PhD in Pathobiology Area Program

Interdisciplinary Area of Pathobiology

The Department of Veterinary Pathobiology in the College of Veterinary Medicine, along with the Department of Pathology and Anatomical Sciences in the School of Medicine and faculty from many other departments throughout the University, offer a PhD degree through the Pathobiology Area Program.

Prospective students must have a solid background in the life sciences, with advanced level experience in microbiology, immunology, genomics, molecular biology, cell biology, pathology, and/or biology. Research experience at the undergraduate and/or master’s level is also desirable.The Pathobiology Area Program is designed to prepare students for advanced professional careers in universities and colleges, research institutes, public health, hospital laboratories and industrial research. The broad scope of the program and its organization across departments creates an atmosphere for meaningful interdisciplinary dialogue between graduate students and faculty. A PhD candidate may choose a plan of research to take advantage of a wide range of interests and specialties in pathology and microbiology. Facilities are available that are suitable for advanced research in pathology, microbiology, and molecular biology. A wide range of equipment for advanced molecular biological procedures is available. Various stipends are available, including teaching and research assistantships and postdoctoral fellowships.

Degree Requirements

Research is the foundation of graduate and postdoctoral study and students within the Pathobiology Area Program can expect to spend 75 percent of their time engaged in research activities. The PhD degree requires 72 credit hours of work including a minimum of 15 credits of upper-level graduate course work exclusive of research credits. The student must pass a written and/or oral comprehensive examination in the area of study and write, present and defend a dissertation that embodies the results of original and significant investigation by the candidate. Up to 30 hours of post-baccalaureate credit from an accredited institution may be transferred toward the doctoral degree. Three focus areas are available, each with specific degree requirements.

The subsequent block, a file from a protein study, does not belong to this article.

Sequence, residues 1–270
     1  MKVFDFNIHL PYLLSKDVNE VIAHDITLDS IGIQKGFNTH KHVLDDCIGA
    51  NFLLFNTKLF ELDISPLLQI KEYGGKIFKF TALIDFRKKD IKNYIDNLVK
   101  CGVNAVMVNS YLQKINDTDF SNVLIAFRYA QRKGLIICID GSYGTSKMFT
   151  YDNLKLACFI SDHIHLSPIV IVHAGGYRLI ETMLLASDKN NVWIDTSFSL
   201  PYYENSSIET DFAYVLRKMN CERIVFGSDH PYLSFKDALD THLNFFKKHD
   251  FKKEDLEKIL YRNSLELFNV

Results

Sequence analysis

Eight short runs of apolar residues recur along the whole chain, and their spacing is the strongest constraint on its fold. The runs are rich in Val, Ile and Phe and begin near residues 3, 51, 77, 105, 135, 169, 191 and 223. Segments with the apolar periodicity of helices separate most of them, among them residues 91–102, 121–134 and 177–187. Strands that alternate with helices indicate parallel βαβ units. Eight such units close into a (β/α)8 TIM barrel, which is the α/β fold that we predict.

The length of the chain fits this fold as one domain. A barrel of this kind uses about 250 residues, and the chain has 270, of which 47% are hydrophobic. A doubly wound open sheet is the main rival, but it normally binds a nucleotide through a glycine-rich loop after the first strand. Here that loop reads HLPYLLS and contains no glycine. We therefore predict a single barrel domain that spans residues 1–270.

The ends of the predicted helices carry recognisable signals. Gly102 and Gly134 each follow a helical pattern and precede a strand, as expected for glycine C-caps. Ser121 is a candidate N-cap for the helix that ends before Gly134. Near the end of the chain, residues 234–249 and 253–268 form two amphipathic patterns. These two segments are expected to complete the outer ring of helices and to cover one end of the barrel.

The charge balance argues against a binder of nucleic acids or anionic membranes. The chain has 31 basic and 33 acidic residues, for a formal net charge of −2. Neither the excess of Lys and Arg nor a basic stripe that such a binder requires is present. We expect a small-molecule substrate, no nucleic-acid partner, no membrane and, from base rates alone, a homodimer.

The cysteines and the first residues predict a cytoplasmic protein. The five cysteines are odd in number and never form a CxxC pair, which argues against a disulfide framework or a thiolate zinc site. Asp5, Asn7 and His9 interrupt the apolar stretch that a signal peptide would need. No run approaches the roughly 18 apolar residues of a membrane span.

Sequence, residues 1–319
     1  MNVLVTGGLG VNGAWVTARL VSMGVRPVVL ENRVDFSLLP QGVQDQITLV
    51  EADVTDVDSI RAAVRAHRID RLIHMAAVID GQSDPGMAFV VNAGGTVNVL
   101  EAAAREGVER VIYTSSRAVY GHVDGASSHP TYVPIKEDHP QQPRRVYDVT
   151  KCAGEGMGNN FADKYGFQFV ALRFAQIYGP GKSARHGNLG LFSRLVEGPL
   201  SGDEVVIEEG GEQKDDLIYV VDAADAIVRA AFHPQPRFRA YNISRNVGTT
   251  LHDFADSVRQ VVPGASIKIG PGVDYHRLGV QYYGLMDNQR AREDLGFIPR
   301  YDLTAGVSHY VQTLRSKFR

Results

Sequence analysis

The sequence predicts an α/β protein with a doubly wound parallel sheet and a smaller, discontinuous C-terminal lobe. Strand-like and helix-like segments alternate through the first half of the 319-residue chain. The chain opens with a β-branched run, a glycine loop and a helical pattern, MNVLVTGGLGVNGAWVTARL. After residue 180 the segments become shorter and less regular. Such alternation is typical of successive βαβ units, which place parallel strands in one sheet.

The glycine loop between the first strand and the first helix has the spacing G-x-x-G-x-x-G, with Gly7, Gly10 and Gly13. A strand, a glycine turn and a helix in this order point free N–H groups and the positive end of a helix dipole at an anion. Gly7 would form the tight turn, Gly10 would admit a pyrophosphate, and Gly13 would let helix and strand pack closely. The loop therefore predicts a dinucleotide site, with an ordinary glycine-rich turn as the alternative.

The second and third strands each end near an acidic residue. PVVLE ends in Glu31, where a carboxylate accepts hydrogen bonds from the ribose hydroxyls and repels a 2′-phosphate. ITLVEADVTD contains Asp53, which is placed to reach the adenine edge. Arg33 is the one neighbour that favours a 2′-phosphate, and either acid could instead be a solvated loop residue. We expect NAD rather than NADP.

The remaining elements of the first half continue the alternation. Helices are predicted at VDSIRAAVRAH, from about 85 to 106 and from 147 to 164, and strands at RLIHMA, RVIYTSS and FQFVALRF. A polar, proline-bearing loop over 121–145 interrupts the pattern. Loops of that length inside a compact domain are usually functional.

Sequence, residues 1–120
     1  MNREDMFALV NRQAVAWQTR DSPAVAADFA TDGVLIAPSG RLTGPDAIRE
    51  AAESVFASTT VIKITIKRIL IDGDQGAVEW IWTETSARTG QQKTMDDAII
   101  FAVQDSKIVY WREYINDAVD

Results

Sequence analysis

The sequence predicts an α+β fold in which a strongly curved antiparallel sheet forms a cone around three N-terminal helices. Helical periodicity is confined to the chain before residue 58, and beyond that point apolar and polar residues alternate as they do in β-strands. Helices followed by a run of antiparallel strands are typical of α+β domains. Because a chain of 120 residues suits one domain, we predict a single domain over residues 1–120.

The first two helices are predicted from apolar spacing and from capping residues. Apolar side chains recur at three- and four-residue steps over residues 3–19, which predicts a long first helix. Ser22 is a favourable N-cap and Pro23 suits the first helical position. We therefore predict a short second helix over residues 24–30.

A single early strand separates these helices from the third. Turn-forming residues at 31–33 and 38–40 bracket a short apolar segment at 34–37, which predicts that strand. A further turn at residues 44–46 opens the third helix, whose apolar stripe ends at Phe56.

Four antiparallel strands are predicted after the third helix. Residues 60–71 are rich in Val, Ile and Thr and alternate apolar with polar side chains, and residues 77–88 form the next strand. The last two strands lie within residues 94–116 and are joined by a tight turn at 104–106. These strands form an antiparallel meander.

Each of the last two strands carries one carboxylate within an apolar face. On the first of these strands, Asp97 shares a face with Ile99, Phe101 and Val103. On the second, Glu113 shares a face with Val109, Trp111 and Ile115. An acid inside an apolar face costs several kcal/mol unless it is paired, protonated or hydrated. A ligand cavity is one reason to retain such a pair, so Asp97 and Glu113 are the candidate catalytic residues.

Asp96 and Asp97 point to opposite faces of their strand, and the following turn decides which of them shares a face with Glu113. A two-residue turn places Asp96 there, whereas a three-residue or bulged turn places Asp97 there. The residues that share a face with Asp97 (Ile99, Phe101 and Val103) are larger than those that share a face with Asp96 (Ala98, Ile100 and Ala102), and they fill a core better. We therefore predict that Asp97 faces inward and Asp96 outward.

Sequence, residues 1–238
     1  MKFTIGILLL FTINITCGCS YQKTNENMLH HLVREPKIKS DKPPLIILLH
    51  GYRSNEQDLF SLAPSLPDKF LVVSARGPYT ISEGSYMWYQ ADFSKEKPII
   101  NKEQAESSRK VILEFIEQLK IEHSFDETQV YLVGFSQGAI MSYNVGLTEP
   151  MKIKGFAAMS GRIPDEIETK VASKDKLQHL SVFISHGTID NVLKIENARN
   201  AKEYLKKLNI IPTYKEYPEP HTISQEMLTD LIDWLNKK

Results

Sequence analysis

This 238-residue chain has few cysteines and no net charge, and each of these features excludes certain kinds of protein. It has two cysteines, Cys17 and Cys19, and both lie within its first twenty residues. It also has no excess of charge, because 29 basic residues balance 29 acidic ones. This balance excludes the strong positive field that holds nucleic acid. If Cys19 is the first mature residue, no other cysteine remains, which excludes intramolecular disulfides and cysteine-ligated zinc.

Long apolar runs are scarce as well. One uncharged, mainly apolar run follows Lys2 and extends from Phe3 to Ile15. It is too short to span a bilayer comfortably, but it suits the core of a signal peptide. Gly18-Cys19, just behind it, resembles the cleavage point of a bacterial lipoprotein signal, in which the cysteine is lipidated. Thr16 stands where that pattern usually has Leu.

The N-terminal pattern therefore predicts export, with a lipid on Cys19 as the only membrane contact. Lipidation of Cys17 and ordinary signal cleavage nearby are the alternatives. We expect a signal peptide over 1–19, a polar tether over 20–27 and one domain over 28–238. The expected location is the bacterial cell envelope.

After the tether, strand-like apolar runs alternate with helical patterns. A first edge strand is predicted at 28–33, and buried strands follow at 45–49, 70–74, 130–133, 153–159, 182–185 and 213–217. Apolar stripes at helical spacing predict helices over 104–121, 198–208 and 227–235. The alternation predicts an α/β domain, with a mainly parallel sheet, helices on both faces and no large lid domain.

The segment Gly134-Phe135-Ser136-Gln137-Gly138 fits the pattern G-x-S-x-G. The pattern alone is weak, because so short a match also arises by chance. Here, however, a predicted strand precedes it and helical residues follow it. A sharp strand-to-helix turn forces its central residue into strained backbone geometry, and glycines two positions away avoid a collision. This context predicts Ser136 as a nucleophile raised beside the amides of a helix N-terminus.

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Plan of Study

Most of the student’s program and examining committees shall be from the Area Program faculty. Under the guidance of a program committee, a course of study is individually designed to fit each student’s academic background, experience and objectives. Courses may be chosen from one or more departments, as decided by the student in conjunction with the student's mentor/committee, but shall constitute a definite plan of education for research or scholarly investigation in some particular aspect of microbiology, pathology, or comparative medicine. The final examination covers mainly the dissertation.

Faculty members of the Program guide the selection of coursework and the development of a dissertation project. A list of doctoral faculty eligible to supervise PhD students is available here.

For additional information regarding mentorship in the Department of Pathology and Anatomical Sciences program, please contact:

Dr. Casey M. Holliday, Ph.D.
Medical Sciences Building
MU School of Medicine

Admission Criteria

  • Fall deadline: no deadline
  • Spring deadline: no deadline
  • Summer deadline: no deadline
  • Undergraduate GPA of last 60 credit hours: 3.0
  • Designated faculty mentor

International applicants:
Minimum TOEFL scores:

Internet-based test (iBT) Paper-based test (PBT)
80 550

Required Application Materials

Graduate School:

Pathobiology Area Program:

Contact Information for Pathobiology Area Program:

Director of Graduate Studies:

Dr. Jerod Skyberg, Ph.D.
Connaway Hall
College of Veterinary Medicine

Departmental Contact:

Marie Schlup
Connaway Hall
College of Veterinary Medicine

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